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Jewish Journal

At 60 for Zikna

by Rabbi Laura Geller

August 29, 2012 | 5:33 pm

The High Holy Day liturgy includes the poignant plea: “Do not cast me off b’eyt zikna,” which is usually translated as “when I get old.” It is a fear many of us have, but are often afraid to articulate. We live in a youth-intoxicated culture where older people are sometimes invisible.

I am concerned that this is also the case in the Jewish community. When the Jewish community speaks about ensuring the Jewish future, it focuses primarily on young people in their 20s and 30s. But surely, the Jewish future demands the active engagement of older people as well—people with the experience, perspective and resources needed to move our community forward.

Who are these older people? Pirke Avot says: “At 60 for zikna.” I’m 62. That makes me one of them, a baby boomer who has become ... what? Old? An elder? A senior? I’m not even sure what to call myself, but I know there are a lot of others like me.

Approximately 29 percent of Jews in the United States are between 50 and 64, according to a recent study. In 2030, baby boomers will be between 66 and 84, representing 20 percent of the U.S. population and an even greater percentage of the Jewish population. The Jewish community can ill afford to cast us off. Rather, it should be facilitating a conversation on how to engage us or, more to the point, keep us engaged.

At Temple Emanuel, we have begun a “listening campaign” on growing older, modeled after the congregationally based community organizing that we have been doing over the years with OneLA. The goal of a listening campaign is not to leap to solutions or to design programs but, rather, simply to listen to what people are saying about matters that concern them. Over many conversations, common issues will emerge that we can work on together. The responses so far have been moving and illuminating.

Here are some of the responses:

  • “I worry about invisibility—sometimes I feel that my viewpoint is ignored at work or that I am simply not seen by a cyclist when I am walking on campus.”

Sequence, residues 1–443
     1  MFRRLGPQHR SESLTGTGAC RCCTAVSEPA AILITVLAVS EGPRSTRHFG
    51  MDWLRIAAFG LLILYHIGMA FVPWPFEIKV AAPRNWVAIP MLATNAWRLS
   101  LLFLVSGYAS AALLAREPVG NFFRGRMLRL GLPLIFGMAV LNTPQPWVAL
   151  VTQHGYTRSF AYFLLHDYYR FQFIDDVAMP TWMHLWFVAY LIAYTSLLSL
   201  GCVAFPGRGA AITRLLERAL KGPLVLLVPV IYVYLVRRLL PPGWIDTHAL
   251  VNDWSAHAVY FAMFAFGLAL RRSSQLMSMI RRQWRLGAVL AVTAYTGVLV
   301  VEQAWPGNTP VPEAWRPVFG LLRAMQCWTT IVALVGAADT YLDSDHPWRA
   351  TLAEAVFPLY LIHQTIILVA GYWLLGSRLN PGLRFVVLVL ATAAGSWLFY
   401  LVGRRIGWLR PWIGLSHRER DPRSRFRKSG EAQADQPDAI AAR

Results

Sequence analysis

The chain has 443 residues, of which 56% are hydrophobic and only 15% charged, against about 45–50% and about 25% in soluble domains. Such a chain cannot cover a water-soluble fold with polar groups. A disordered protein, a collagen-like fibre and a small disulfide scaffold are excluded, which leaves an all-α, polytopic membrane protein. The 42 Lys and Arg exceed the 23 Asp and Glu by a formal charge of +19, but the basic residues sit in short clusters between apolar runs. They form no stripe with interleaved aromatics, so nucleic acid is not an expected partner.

• “I feel fear. I have a real sense of the time going by; my awareness that it is not endless is profound.”

  • “I appreciate living in the moment. Time is speeding by. I am amazed at how vital I feel.”

  • “I serve on a number of boards. I love what I do. I don’t spend my time now raising kids. I know how to seize the moment.”

  • “How much time do I have left? I don’t want to think about the future and inevitable decline. But still, so much of my time is taken up with overseeing the care of my really old mother. We never imagined she would live this long or that caring for her would take all of her resources and much of ours.”

  • “I could have 40 years ahead of me. It used to be that at 50 you had 10 years of life to look forward to. Now, you need to plan.”

  • “The biggest surprises are the capacity to reinvent, the resiliency. I have aspirations of communicating this knowledge to people.”

  • “I am still working in the trenches, but now with much younger people. I am competing with them. I do the same thing they do. They think I’m just some guy with white hair, but eventually they see that I know more than they do. I’m still who I always was. I don’t suffer from the illusion that young people love us. They don’t.”

  • “What weighs on my mind is that I don’t feel like I’ve left this world a better place than it was when I came into it ... that I haven’t done what I need to do to make things better.”

  • “When I was younger, I had mentors who helped me succeed as a professional. I need mentors to teach me about how to grow old.”

What does the Jewish community have to offer these thoughtful people? What gifts of talent, insight and resources can these people bring to the community? How can we create opportunities for mentoring across generations? What resources does Jewish tradition offer for this stage of life? And how might thinking about all of this together help us leave this world a better place than it was when we came into it?

It is time to deepen and expand the conversation. I encourage other congregations and organizations to develop their own listening campaigns. And I invite them to join with us in a network and a larger conversation.

Again, Pirke Avot: “At 60 for zikna.” A commentary on this text reads “zikna” as an acronym for ze s’koneh chochma, “one who has acquired wisdom.”

Let’s listen to what this wisdom is telling us and embrace it as a community. Then none of us need be afraid of being cast out in our old age.


Laura Geller is senior rabbi of Temple Emanuel of Beverly Hills (tebh.org).

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